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From Niclas Hedhman <hedh...@gmail.com>
Subject Re: Aggregates and AggregateRoots
Date Thu, 28 Apr 2016 23:43:53 GMT
I like this idea. It is very Zest-like, in that it is "think outside the
box"... (There is no spoon)

I want to ponder over a little bit.

Cheers
Niclas
On Apr 29, 2016 05:28, "Kent SĂžlvsten" <kent.soelvsten@gmail.com> wrote:

Another topic is how to manage the OrderItems inside the Order.

I have an idea ....

You discussed a special UOWFactory as part of the aggregate composite -
what should that UOW be used for? I guess it is just for adding/removing
OrderItems.
Could that be part of the relation?

what if , instead of

        @Aggregated
        ManyAssociation<OrderItem> items();


we have

        ManyAggregation<OrderItem> items();

An aggregation is a relation, similar to the association. But we cannot
add items to it, instead it helps us building new parts.

EntityBuilder<OrderItem> template = items().newEntityBuilder();
template.quantity().set(1);
template.newInstance();  // will automatically be part of the collection

and the later use the aggregation to remove an item.

That is OrderItems are not created independently and then added, instead
they are created directly on the aggregation!

/Kent





Den 28-04-2016 kl. 17:01 skrev Niclas Hedhman:
> Gang,
>
> since we are on the topic of persistence, I have some thoughts that I
would
> like to share.
>
> I think code is the best way to show, and as usual we start with a
usecase.
>
> So, let's say I want to create the classic Order example with OrderItem
> entities (orders can be massively big doh!!! (should really just use
values
> as items)). Any way, so I have the OrderItem
>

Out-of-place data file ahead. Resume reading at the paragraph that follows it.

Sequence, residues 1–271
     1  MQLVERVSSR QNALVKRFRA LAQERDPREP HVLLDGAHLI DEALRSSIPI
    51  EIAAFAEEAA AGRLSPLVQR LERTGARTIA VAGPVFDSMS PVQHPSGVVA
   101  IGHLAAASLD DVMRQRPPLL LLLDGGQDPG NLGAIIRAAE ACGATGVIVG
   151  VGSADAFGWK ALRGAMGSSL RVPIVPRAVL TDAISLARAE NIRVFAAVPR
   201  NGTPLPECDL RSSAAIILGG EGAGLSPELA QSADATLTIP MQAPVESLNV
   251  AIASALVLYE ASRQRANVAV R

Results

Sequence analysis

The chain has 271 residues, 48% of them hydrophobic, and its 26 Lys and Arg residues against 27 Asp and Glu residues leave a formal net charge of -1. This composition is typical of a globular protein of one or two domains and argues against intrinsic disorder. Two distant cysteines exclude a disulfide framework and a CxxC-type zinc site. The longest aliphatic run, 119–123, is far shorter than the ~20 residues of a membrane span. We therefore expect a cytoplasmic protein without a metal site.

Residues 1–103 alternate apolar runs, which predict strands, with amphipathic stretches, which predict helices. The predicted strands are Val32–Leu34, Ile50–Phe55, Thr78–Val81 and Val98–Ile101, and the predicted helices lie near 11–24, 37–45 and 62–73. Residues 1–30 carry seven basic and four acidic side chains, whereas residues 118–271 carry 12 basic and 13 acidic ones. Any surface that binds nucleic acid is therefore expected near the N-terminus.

> public interface OrderItem extends EntityComposite
> {
>     Property<Integer> quantity();
>     Association<Product> product();
>     Property<BigDecimal> pricePerItem();
>     Property<BigDecimal> discount();
> }
>
> The we have the Order itself...
>
> public interface Order extends EntityComposite
> {
>     Customer customer();
>     BigDecimal totalSum();
>     void addItem( Product p, int quantity, BigDecimal price, BigDecimal
> discount );
>     void removeItem( Product p, int quantity );
>     Iterable<OrderItem> items();
>
>     interface State
>     {
>         Association<Customer> customer();
>
>         Property<ShippingAddress> shippingAddress();
>
>         @Aggregated
>         ManyAssociation<OrderItem> items();
>
>         Property<Boolean> onCredit();
>     }
>
> }
>
> Let's say that we just want to make sure an order doesn't exceed the
credit
> limit of the customer.
>
> For sake of simplicity in this discussion, the current outstanding credit
> is stored in the Customer itself and a simple exposed method for the
> validation.
>
> public interface Customer
> {
>       :
>     boolean hasCreditFor( BigDecimal additional );
>       :
> }
>
> We already have a validation mechanism called Constraints, but they work
on
> input arguments to methods. We need something similar, but work on the
> entire Composite,
>
> public class CreditLimitConstraint
>     implements AggregateConstraint<Order>
> {
>     public boolean isValid( Order order )
>     {
>         if( ! order.onCredit().get() )
>             return true;
>         return order.customer().hasCreditFor( order.totalSum() );
>     }
> }
>